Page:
Overland Erosion due to FreezeThaw Cycling
LAWRENCE W. GATTO AND MICHAEL G. FERRICK
Soil is naturally eroded by water flowing down the surface of bare or par-
tially vegetated hill slopes. The quantities and rates of erosion depend on the
transport capacity of the runoff and the resistance of soil particles to detachment.
In turn, the capacity of runoff to transport soil particles is a function of velocity
and turbulence, and the detachability of soil particles is a function of inter-
The capability of a soil to resist erosion depends on soil-particle size and
distribution, soil structure and structural stability, soil permeability, water
content, organic matter content, and mineral and chemical constituents (Lal and
Elliot 1994). Also, Pall et al. (1982) proposed soil erodibility as a time varying
rather than static characteristic because of significant seasonal soil density and
soil moisture changes. Many investigators have recognized that FT generally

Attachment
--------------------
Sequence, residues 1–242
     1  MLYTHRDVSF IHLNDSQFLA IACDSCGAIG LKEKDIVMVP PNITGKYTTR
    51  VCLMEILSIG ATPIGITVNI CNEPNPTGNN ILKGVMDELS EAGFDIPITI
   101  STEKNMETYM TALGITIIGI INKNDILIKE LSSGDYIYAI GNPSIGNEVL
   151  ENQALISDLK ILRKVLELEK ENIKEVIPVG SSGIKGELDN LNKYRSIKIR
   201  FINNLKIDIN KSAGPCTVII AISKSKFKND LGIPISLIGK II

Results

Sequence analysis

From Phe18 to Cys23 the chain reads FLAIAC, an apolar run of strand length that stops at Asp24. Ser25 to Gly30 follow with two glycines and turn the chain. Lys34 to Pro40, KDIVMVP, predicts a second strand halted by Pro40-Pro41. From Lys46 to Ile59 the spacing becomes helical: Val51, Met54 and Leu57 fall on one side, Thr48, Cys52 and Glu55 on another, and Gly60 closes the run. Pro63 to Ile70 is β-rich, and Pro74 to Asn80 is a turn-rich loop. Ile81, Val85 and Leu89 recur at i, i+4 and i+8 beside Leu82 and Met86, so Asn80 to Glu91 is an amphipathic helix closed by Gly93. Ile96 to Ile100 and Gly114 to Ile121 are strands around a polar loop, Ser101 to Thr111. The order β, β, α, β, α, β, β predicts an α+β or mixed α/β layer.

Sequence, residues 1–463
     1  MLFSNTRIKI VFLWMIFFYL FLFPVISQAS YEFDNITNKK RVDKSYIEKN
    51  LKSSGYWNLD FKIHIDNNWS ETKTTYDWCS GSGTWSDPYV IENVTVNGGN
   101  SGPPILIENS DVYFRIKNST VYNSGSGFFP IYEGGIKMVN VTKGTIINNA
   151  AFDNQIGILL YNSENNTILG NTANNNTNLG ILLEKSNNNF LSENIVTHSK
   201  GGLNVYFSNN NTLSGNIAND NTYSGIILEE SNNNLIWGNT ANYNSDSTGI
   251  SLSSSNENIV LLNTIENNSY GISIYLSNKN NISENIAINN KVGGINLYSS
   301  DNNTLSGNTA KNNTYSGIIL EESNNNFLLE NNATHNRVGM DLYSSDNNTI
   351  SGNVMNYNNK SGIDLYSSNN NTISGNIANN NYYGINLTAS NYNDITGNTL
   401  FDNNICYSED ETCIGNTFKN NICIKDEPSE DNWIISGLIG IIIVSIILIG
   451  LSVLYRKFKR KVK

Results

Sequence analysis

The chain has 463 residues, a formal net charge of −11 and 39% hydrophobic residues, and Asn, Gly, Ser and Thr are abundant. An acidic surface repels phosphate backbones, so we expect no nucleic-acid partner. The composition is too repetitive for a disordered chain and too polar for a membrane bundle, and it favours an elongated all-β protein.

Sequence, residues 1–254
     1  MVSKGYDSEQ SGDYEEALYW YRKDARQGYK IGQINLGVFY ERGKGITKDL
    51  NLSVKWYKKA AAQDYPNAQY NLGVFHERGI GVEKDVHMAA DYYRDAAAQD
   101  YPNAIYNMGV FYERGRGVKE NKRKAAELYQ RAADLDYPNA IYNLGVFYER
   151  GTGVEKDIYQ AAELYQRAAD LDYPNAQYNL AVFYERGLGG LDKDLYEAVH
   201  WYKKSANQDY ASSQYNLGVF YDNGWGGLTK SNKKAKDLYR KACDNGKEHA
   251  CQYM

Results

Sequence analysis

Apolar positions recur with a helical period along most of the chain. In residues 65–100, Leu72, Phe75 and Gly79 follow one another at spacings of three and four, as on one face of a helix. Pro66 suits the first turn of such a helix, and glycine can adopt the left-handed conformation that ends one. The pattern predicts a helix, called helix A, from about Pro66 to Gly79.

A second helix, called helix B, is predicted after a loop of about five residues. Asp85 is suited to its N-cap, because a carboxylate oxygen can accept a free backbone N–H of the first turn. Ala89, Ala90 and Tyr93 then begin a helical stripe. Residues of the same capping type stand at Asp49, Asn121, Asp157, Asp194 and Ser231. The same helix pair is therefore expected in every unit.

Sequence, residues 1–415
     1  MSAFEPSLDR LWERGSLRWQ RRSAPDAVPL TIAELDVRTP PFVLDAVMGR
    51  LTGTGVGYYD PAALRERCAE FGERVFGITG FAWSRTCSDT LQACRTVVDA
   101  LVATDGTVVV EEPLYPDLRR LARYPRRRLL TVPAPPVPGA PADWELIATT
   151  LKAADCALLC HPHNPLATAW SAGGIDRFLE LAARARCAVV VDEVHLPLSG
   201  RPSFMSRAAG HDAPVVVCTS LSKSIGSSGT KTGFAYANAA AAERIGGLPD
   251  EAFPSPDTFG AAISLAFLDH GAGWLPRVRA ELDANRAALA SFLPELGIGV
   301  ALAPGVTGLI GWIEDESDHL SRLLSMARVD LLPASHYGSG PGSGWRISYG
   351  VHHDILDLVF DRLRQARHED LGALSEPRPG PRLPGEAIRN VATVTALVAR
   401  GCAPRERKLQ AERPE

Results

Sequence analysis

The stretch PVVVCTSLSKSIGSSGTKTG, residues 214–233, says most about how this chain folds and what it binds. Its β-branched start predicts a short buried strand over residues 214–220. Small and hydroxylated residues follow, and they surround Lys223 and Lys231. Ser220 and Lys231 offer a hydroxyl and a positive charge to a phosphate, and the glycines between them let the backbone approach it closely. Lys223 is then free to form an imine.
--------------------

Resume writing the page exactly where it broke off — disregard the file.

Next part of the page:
increases soil erodibility (Bryan 2000) and that this FT effect varies with soil
texture, moisture, and the extent of freezing. Thus, many factors affect runoff
erosivity and soil erodibility and determine the volume of sediment eroded
during a runoff event.
Processes of soil FT cycling
As air temperature drops, heat is lost from the soil surface. When sufficient
heat is lost, the water in the soil begins to freeze. Freezing and thawing of soils
cause movement of soil water and solutes in the soil profile (Radke and Berry
1997, Gatto 2000). Water moves upwards towards the freezing front to fill soil
voids and freeze or to form ice layers or lenses within a soil mass, thus depleting
water from the soil below.